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New York Legal Information Topics, Discussions and Information relating to Legal Information specific to the State of New York. This information is *NOT PROFESSIONAL* and should always be fact-checked!

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  #1  
Old 11-13-2014, 07:44 PM
Liana'sMom Liana'sMom is offline
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Default Plea deal, amount of time offerered, Judge has ability to refuse plea when?

My husband agreed to accept the plea deal of 1 1/2 - 3 years that was offered to him by the D.A. However, I know the Judge can Refuse to accept that amount of time & sentence him to More time because that was done to my husband in the past. At that time he was Forced to take more time because he had Already pled guilty thinking he was getting the amount of time he agreed to accept. What I'm forgetting is When that could happen, when he accepts the plea which would be next week Or at sentencing which would be at the beginning of January after the presentencing report is completed. Is it Legal for the Judge to Force him to take more time on a plea than he was Promised by the D.A.? He was told by his lawyer who is no longer speaking to me that the D.A. is Promising that he Won't get More than 1 1/2 - 3 years.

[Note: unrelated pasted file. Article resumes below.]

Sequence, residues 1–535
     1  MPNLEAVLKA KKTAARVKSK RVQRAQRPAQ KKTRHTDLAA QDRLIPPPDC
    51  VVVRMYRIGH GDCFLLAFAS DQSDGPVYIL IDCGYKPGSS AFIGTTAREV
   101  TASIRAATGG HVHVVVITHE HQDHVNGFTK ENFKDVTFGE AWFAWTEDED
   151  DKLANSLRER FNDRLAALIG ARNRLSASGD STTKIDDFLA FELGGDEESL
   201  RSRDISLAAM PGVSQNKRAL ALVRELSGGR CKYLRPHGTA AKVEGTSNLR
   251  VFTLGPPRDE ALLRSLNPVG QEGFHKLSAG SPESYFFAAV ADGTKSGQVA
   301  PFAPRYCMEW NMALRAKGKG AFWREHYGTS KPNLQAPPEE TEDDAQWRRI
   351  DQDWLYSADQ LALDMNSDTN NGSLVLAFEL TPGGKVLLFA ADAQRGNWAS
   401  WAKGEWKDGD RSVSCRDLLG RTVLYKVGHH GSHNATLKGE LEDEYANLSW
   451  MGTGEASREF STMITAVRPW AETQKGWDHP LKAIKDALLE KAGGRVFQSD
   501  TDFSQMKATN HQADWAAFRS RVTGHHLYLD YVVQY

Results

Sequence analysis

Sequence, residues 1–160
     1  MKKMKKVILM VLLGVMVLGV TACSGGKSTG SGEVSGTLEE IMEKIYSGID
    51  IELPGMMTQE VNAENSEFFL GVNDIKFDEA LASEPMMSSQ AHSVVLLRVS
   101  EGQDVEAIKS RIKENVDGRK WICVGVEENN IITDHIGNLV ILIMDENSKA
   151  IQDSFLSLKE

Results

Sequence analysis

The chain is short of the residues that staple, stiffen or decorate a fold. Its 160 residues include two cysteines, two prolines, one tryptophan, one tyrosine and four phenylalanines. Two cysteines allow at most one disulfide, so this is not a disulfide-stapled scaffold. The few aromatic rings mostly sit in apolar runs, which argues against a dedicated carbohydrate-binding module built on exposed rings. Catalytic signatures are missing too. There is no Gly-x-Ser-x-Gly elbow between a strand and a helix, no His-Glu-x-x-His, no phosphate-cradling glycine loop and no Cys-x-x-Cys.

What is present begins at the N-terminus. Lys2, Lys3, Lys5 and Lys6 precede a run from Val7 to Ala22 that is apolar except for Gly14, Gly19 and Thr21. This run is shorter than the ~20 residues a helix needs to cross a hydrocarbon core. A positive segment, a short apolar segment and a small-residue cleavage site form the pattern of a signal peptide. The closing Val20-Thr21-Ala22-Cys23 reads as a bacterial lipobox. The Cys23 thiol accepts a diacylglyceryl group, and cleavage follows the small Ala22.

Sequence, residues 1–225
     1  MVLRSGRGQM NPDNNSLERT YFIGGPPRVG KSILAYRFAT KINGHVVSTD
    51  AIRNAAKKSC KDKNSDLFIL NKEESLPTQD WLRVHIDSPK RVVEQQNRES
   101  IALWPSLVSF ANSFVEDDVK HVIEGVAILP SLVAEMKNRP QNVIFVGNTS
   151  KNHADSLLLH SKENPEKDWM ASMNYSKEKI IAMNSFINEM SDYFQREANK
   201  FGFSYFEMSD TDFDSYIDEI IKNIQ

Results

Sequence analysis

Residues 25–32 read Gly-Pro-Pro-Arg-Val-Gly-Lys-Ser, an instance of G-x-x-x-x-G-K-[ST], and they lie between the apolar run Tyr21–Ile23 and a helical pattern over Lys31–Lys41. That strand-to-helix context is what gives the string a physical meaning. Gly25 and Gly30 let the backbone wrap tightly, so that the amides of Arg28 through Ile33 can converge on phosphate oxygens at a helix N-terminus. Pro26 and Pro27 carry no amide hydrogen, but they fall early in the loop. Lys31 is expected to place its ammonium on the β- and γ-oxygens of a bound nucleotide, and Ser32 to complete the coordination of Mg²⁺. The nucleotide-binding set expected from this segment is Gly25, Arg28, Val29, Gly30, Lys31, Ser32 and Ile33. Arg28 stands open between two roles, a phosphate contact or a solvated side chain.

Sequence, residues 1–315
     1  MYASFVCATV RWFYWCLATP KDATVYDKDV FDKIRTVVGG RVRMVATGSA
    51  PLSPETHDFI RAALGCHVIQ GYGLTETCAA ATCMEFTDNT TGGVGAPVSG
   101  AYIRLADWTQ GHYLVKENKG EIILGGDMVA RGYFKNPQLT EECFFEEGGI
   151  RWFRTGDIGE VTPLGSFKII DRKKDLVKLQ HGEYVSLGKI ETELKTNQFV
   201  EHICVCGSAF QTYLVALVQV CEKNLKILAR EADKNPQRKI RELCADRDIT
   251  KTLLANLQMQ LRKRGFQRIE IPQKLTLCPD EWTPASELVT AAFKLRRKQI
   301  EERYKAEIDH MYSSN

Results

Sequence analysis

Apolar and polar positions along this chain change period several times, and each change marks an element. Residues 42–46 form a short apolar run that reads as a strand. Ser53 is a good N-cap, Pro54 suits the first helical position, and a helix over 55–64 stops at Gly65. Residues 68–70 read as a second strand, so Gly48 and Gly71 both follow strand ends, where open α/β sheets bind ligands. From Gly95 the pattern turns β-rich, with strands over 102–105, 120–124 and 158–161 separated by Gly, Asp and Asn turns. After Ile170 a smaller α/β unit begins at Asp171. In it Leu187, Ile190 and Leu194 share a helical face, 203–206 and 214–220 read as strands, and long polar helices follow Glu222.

Thank you for any help/information/advice you all can give me.

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Old 11-13-2014, 08:09 PM
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Yes, at sentencing after the PSI report, the judge can accept or not accept the plea. The DA can't promise what the judge will or won't do. Yes it is legal for the judge to not accept the DA's recommendation and go with what the statute allows.
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Old 11-13-2014, 10:14 PM
Liana'sMom Liana'sMom is offline
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I don't know, Maybe my husband's lawyer Meant Without Explaining it right that that Is the maximum my husband can get on the charge he would be pleading too, 1 1/2 to 3, I'm Not Sure.
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Old 11-14-2014, 05:39 AM
CenTexLyn CenTexLyn is offline
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Generally speaking, if the bench is rejecting the negotiated plea, the Defendant has the right to withdraw their plea and proceed to trial. Of course, that also puts the entire sentencing range on the table since juries are limited to none of the prior discussions.
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Old 11-14-2014, 10:09 AM